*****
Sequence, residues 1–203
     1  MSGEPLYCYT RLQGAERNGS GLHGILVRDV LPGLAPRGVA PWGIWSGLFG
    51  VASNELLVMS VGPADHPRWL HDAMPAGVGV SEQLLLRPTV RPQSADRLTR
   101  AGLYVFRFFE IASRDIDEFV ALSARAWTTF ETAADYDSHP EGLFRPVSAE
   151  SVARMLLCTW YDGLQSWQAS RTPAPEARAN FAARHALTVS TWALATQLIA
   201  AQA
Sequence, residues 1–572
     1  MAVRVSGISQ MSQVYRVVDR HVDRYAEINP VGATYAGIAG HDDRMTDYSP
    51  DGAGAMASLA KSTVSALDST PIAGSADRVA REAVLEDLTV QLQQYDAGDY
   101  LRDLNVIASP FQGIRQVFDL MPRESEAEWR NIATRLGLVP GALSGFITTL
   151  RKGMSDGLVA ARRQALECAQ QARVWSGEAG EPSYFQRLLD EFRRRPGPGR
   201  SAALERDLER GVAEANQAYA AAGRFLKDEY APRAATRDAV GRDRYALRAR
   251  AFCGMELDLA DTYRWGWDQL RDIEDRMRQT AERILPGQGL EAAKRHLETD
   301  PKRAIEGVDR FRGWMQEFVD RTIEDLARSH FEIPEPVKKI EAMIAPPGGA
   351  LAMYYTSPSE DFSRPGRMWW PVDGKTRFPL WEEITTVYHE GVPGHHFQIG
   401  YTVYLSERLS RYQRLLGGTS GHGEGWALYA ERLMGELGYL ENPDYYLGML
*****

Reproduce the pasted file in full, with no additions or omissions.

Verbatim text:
Sequence, residues 1–203
     1  MSGEPLYCYT RLQGAERNGS GLHGILVRDV LPGLAPRGVA PWGIWSGLFG
    51  VASNELLVMS VGPADHPRWL HDAMPAGVGV SEQLLLRPTV RPQSADRLTR
   101  AGLYVFRFFE IASRDIDEFV ALSARAWTTF ETAADYDSHP EGLFRPVSAE
   151  SVARMLLCTW YDGLQSWQAS RTPAPEARAN FAARHALTVS TWALATQLIA
   201  AQA
Sequence, residues 1–572
     1  MAVRVSGISQ MSQVYRVVDR HVDRYAEINP VGATYAGIAG HDDRMTDYSP
    51  DGAGAMASLA KSTVSALDST PIAGSADRVA REAVLEDLTV QLQQYDAGDY
   101  LRDLNVIASP FQGIRQVFDL MPRESEAEWR NIATRLGLVP GALSGFITTL
   151  RKGMSDGLVA ARRQALECAQ QARVWSGEAG EPSYFQRLLD EFRRRPGPGR
   201  SAALERDLER GVAEANQAYA AAGRFLKDEY APRAATRDAV GRDRYALRAR
   251  AFCGMELDLA DTYRWGWDQL RDIEDRMRQT AERILPGQGL EAAKRHLETD
   301  PKRAIEGVDR FRGWMQEFVD RTIEDLARSH FEIPEPVKKI EAMIAPPGGA
   351  LAMYYTSPSE DFSRPGRMWW PVDGKTRFPL WEEITTVYHE GVPGHHFQIG
   401  YTVYLSERLS RYQRLLGGTS GHGEGWALYA ERLMGELGYL ENPDYYLGML